Profile: Ingrid Saito

Ask SILS second-year Ingrid Saito where she’s from, and she will respond with a plethora of answers. Read about her journey here.

Her Campus Waseda: Where have you lived?

Ingrid Saito: I was born in Paraguay, but I have lived in Mexico, Japan, Panama, Bolivia, Sri Lanka and Uganda.

HCW: What is your best/worst memory of living in so many different places?

IS: I went to three different types of primary schools in three different countries (Japanese school, international school, American school). During those first 6 years of my primary education, I was exposed to so many things at once, which at first was really overwhelming to transition from one school to another, but I feel like it really expanded my horizons. I’m really thankful that I got that experience at such a young age.

HCW: How did you cope with adjusting to a new place?

IS: I couldn’t do that at first because I would be emotionally attached to the place. For example, the very first place that I remember living is Panama. When I had to move from Panama to Bolivia, I didn’t take it too well, and I said that I didn’t want to move on and that I wanted to stay there with my friends. But in life, everything changes and nothing is constant and nothing guaranteed, so it was tough love on the part of my parents.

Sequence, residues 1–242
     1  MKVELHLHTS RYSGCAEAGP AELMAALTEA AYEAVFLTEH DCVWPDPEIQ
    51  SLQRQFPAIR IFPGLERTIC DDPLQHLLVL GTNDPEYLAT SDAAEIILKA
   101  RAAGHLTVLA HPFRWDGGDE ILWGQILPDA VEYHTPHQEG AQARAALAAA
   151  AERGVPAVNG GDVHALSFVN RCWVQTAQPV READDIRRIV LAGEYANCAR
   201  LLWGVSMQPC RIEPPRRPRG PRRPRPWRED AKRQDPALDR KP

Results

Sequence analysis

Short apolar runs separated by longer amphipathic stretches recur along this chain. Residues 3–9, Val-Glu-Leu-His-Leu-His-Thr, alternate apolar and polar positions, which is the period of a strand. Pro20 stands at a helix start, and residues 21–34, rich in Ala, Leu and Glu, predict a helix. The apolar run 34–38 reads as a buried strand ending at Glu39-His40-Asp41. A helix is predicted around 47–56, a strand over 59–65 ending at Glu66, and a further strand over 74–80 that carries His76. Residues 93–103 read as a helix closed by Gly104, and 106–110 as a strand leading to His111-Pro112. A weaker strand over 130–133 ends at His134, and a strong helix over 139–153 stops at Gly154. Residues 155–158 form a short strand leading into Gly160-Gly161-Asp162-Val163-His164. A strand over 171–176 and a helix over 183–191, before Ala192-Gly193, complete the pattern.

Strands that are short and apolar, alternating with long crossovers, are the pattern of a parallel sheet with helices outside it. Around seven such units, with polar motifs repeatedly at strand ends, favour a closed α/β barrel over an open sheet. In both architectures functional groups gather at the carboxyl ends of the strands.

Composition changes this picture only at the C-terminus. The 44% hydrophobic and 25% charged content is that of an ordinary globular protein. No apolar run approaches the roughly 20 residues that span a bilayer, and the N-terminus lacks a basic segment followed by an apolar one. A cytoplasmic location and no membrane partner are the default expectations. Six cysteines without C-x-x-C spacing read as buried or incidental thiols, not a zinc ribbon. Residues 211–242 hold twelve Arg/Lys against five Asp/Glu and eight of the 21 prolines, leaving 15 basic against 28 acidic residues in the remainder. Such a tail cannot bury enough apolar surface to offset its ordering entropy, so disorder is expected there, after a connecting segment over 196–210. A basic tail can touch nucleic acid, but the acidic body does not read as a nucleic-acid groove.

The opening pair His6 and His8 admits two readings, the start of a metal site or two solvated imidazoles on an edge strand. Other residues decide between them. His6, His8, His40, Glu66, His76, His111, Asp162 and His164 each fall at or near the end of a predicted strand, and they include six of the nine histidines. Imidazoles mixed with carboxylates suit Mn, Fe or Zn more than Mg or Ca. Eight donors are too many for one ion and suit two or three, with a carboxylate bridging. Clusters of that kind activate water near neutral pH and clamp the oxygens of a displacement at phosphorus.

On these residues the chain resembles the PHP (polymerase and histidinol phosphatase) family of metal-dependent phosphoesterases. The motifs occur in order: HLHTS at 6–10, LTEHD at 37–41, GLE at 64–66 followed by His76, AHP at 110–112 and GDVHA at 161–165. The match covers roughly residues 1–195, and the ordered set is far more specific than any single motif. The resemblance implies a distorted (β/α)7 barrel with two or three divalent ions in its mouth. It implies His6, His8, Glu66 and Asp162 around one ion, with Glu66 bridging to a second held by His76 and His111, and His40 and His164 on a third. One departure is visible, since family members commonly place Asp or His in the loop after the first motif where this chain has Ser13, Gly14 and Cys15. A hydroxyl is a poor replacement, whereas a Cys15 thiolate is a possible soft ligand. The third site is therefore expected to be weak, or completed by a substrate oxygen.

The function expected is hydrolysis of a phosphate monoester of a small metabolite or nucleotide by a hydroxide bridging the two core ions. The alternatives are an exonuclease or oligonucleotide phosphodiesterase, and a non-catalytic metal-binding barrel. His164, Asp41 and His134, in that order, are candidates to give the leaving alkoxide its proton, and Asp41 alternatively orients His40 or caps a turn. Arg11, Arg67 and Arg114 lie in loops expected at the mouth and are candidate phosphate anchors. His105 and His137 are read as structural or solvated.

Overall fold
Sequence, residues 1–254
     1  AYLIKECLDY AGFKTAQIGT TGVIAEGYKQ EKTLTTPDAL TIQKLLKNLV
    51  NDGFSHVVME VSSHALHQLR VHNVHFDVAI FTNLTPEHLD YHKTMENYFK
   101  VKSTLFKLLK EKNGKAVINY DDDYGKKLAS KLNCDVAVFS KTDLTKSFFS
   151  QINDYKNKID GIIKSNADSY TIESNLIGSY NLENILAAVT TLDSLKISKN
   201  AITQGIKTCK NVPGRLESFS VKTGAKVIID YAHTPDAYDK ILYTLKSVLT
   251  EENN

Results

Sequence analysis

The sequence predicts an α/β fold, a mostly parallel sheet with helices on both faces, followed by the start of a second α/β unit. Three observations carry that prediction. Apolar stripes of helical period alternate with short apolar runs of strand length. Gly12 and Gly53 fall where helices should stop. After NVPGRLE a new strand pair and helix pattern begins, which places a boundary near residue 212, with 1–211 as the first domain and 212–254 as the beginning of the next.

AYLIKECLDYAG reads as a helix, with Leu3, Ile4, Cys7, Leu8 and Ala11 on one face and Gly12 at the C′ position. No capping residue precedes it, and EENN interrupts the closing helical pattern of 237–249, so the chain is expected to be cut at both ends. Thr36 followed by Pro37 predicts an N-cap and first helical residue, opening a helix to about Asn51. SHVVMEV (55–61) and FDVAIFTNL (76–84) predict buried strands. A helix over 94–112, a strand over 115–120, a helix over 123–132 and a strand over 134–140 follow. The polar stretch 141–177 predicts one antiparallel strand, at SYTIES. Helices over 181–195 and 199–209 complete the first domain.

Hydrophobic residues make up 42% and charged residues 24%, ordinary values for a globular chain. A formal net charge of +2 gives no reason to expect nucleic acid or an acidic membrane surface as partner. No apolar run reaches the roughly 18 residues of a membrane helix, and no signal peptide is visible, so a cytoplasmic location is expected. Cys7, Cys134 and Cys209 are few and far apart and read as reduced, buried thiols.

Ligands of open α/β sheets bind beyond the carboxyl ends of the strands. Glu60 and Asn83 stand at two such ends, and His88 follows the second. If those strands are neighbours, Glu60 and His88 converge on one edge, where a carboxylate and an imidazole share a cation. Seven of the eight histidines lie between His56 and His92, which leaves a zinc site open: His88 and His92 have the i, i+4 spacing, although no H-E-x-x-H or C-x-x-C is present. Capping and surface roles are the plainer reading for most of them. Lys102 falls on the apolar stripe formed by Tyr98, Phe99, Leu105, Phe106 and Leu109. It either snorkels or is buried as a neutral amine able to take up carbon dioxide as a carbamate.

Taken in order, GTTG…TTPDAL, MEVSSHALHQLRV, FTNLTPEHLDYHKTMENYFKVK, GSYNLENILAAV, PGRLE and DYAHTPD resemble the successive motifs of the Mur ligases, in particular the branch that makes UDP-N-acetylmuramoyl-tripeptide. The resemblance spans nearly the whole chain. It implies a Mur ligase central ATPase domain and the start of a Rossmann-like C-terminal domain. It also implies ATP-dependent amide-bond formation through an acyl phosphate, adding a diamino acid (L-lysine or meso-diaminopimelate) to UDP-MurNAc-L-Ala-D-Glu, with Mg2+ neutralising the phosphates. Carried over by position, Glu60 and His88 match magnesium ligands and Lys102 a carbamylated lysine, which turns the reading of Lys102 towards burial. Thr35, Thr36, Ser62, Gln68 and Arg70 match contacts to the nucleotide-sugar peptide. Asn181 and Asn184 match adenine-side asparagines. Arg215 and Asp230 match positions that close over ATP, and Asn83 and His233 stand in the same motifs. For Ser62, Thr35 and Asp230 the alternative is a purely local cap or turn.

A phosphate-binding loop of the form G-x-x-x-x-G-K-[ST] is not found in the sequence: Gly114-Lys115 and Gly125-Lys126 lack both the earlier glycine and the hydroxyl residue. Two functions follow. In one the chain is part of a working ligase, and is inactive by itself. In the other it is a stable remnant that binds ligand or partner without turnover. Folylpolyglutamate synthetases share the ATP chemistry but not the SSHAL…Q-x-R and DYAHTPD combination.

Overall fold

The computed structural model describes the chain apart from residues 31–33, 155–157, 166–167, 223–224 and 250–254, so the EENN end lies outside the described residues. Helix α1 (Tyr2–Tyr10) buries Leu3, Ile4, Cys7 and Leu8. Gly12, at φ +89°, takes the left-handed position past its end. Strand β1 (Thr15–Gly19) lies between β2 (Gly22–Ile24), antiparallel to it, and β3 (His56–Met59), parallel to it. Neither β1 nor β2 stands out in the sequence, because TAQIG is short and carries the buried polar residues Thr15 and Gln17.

HCW: Which place that you lived in had the biggest impact on you?

IS: Uganda, because it was without a doubt the most international experience that [I had]. My classmates were from all over the place. Right now, I have friends living in all corners of the globe. [Uganda also had an impact on me because] I lived in an African country, which many people have pretty extreme misconceptions about, and being exposed to such a beautiful country that has had a tumultuous past with dictatorships and civil wars. I felt like I could see a lot of development firsthand, and I could interact with the locals. I know that are still problems that prevail in Uganda at the moment, but it’s come such a long way and I think it’s important to recognize those positive aspects about certain places in the world that are often overlooked or marginalized.

HCW: Where is a country that you’d like to go to that you’ve never been before?

IS: There are so many places that I want to go to. I feel like every person I met in Uganda who was a foreigner living there was an ambassador of that country and they loved their country so much. They cooked their own country’s food, told us about their traditions and showed us their music and dance and expressed themselves in a way that was not overly nationalistic. They were inviting and welcoming and told me of all of these places that I’ve never been but I feel like I know. I feel like it’s possible to have that with a place that you’ve never been to. I fall in love with countries more than I fall in love with people, and for that reason it’s impossible for me to choose one single country, because everywhere I go I’m going to fall in love [with that place] anyways.

HCW: What makes you happy?